Daphne Koller

From Wikipedia, the free encyclopedia
Jump to navigation Jump to search
Daphne Koller
Daphne Koller with flowers (portrait).jpg
Born (1968-08-27) August 27, 1968 (age 50)
Residence United States
Nationality Israel
Alma mater Stanford University (1993, PhD)
Hebrew University of Jerusalem (1986, MS)
Known for Machine learning
Graphical model
MOOC (Coursera)
Awards IJCAI Computers and Thought Award (2001)
MacArthur Fellow (2004)
Scientific career
Fields Artificial intelligence
Institutions Stanford University
Thesis From Knowledge to Belief (1994)
Doctoral advisor Joseph Halpern
Doctoral students Eran Segal, Lise Getoor, Mehran Sahami, Ben Taskar
Website ai.stanford.edu/~koller/

Daphne Koller (born August 27, 1968) is an Israeli-American Professor in the Department of Computer Science at Stanford University[1] and a MacArthur Fellowship recipient. She is also one of the founders of Coursera, an online education platform. Her general research area is artificial intelligence[2][3] and its applications in the biomedical sciences.[4][5] Her work focuses around representation, inference, learning, and decision making, and has recently taken on a focus surrounding computer vision and computational biology.[6] Along with Dr. Anna Penn of Stanford University, Koller developed PhysiScore, which uses various data elements to predict whether premature babies are likely to have health issues.[7] Koller was featured in a 2004 article by MIT Technology Review titled "10 Emerging Technologies That Will Change Your World"[8] concerning the topic of Bayesian machine learning.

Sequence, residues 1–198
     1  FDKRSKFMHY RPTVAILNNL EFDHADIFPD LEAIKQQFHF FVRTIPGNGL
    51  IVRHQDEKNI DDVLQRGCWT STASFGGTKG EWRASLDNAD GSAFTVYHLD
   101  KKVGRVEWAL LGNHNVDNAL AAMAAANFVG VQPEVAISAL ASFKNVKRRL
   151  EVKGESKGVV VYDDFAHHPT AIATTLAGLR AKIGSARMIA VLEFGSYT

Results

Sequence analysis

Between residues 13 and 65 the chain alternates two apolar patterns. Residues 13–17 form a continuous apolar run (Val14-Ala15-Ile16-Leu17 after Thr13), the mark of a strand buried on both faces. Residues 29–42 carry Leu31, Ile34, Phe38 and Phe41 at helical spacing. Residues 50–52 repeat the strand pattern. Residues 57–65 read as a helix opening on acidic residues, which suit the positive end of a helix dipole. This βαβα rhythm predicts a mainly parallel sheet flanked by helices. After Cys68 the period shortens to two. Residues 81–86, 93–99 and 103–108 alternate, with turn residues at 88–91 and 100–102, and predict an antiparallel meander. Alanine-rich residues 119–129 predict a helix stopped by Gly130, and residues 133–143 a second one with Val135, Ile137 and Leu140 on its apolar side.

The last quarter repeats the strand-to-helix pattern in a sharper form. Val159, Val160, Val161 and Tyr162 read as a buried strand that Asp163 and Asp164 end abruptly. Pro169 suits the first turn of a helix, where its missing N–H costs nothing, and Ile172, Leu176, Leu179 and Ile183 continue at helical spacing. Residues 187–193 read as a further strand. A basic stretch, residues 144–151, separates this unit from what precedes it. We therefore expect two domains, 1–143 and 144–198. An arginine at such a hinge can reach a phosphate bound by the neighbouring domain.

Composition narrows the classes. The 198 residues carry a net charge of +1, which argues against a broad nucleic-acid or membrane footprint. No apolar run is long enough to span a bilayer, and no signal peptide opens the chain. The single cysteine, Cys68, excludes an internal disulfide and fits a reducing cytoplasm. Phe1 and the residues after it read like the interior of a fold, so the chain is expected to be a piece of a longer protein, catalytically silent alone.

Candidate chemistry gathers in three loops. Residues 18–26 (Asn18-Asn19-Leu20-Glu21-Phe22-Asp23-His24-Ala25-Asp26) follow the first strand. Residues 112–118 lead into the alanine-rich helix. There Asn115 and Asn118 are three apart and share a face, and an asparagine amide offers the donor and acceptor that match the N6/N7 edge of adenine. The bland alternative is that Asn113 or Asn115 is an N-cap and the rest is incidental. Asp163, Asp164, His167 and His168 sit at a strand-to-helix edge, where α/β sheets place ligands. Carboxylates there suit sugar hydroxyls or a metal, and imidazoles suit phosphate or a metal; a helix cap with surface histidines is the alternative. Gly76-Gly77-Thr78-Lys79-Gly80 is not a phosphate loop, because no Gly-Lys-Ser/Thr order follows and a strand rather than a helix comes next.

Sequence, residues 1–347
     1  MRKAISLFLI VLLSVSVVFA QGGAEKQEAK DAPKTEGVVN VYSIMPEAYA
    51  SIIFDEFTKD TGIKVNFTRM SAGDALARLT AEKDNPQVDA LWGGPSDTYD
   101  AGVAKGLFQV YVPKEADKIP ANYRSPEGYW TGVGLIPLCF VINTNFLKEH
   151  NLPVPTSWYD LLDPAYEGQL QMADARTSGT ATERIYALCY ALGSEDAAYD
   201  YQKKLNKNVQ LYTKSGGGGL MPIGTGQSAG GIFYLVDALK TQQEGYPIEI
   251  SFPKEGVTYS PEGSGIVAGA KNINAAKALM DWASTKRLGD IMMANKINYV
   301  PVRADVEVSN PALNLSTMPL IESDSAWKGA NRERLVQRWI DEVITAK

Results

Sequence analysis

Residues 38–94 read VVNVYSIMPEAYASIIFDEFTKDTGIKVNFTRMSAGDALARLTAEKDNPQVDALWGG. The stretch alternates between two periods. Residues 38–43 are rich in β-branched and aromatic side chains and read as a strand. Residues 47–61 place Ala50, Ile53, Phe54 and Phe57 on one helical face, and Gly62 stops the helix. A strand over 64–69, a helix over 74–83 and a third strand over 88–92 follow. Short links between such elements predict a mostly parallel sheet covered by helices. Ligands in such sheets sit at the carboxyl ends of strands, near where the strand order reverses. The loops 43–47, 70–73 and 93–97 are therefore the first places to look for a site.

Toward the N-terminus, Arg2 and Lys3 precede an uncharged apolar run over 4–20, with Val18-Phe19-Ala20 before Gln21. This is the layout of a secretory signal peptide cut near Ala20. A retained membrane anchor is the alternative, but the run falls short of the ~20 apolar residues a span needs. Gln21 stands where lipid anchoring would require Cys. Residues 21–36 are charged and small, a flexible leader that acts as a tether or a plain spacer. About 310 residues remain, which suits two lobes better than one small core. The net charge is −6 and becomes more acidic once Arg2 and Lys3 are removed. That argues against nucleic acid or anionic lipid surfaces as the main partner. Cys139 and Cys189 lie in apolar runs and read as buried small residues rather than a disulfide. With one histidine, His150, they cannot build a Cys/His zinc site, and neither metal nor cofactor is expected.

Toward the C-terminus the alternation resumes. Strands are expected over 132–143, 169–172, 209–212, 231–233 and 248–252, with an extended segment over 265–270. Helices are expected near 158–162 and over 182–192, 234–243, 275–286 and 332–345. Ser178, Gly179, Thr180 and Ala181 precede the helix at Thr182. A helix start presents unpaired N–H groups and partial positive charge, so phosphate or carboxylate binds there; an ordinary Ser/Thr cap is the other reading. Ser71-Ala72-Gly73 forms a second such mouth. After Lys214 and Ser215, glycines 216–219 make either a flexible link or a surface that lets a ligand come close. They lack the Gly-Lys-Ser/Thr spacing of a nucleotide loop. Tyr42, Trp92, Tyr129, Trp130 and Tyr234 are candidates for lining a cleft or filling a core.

Koller received a bachelor's degree from the Hebrew University of Jerusalem in 1985, at the age of 17, and a master's degree from the same institution in 1986, at the age of 18.[9]

She completed her Ph.D. at Stanford in 1993 under the supervision of Joseph Halpern, did postdoctoral research at University of California, Berkeley from 1993 to 1995,[10] and joined the faculty of the Stanford University Computer Science Department in 1995. She was named a MacArthur Fellow in 2004, was elected a member of the National Academy of Engineering in 2011 and was elected a fellow of the American Academy of Arts and Sciences in 2014.

In April 2008, Koller was awarded the first ever $150,000 ACM-Infosys Foundation Award in Computing Sciences.[11]

In 2009, she published a textbook on probabilistic graphical models together with Nir Friedman.[12] She offered a free online course on the subject starting in February 2012.[13]

She and Andrew Ng, a fellow Stanford computer science professor in the AI lab, launched Coursera in 2012. She served as the co-CEO with Ng, and then as President of Coursera. She was recognized for her contributions to online education by being named one of Newsweek's 10 Most Important People in 2010, Time magazine's 100 Most Influential People in 2012, and Fast Company's Most Creative People in 2014.[14]

She left Coursera in 2016 to become chief computing officer at Calico.[14] In 2018, she left Calico to join Insitro, a drug discovery startup.[15]